In this step, you will conduct design thinking sessions with the team, which will give everyone the opportunity to ideate and apply divergent thinking, and then converge to identify and prioritize solutions. If team members are not familiar with design thinking, it may help them if they familiarize themselves with the concept ahead of time. One way to do this is to curate a few microlearning options, including videos, articles, and 30 or 45 microlearning modules. Another way could be to assign a short training module to everyone on the team as homework ahead of the design thinking sessions. Most likely, you will be conducting the sessions remotely, and in that case, it is recommended that you split the session into two four-hour sessions a couple of days apart. Breaking the sessions allows the team to digest the new ideas generated and tackle the challenges.

It is good to use an online collaboration tool during the session where teams can use virtual sticky notes to share their ideas and then vote on them to distill the key priorities to tackle. Online collaboration tools offer transparency to the process and allow the team to go back and review their journey if they need to. By the end of this step, you should have the prioritized challenges across each of the three buckets, culture, tech, and physical space, and prioritized ideas on how to address them, the metrics with which to measure success, the workstreams needed to tackle the solutions and the teams formed. This step should take about 8–12 hours, split into 4–hour or 6–hour sessions.

5. Kick Off The Pilot

In this step, you kick off the pilot whereby all the teams formed during the design thinking session will work together to tackle the challenges and address them. Pilots can be as short as 2–3 weeks or as long as a few months. A 10–12 week pilot typically allows the teams to form, storm, and get a lot done. It is crucial to hold weekly drumbeat team meetings to keep the project momentum going and track weekly progress across the workstreams, discuss challenges and failures, and identify new opportunities. Also recommended are 4–week, 8–week, and 10–week or 12–week updates to organizational leadership and the broader organization.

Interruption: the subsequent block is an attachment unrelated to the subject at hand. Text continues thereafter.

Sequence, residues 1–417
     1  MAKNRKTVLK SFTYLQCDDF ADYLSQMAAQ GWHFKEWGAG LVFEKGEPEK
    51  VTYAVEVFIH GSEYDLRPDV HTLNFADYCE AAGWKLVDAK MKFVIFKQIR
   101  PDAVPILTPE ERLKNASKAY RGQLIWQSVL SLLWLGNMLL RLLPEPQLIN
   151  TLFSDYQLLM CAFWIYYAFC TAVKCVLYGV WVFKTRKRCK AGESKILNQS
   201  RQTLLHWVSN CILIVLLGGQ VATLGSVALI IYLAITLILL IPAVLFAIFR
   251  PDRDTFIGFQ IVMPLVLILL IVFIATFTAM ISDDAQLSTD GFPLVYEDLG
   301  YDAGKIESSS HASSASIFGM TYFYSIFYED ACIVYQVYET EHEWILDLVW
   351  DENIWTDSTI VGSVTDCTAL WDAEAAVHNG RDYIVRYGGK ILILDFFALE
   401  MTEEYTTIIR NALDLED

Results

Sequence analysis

These updates help communicate the progress on the pilot and help build rapport and coalitions with business unit leaders who will soon need to support similar, enterprise-wide, changes across their units. Such updates also underscore the importance of the employee experience and offer an opportunity to others to offer perspectives and ideas that can inform the effort. By the end of this step, you should have a set of tried and tested approaches and metrics to support the effort to close the gaps identified in employee experience across your organization's culture, tech, and physical environments. The outcome of the pilot will be blueprints and lessons learned that will help to tackle the challenges enterprise-wide. The duration of this step depends on how the teams decide to organize. A good rule of thumb for the pilot duration is 10–12 weeks.

6. Report Pilot Results And Roll Out Enterprise-Wide

Congratulations! After the pilot, you will need to report the results achieved by each team and the lessons learned. Ensure you also spend time discussing the failures and what did not work. Confronting loss helps the teams embrace the fear of failure as they prepare to scale the effort out enterprise-wide.

Next, engage the business unit leaders and ask them to assign resources from their teams to take on the enterprise-wide implementation of the employee experience strategy. The employee experience strategy is an enterprise-wide initiative embraced by the organization; it is essential to continue with periodic updates, preferably monthly or quarterly. At the end of 6 or 12 months since kickoff, you will need to collect employee data again to compare the changes since the inception of your effort. You will need to course-correct and iterate until the changes become part of the organization's fabric.


Implementing an employee experience strategy can be complex, risky, and resource-heavy. Considering the six steps offered in this article can help you de-risk your effort and focus on the employee's most critical element.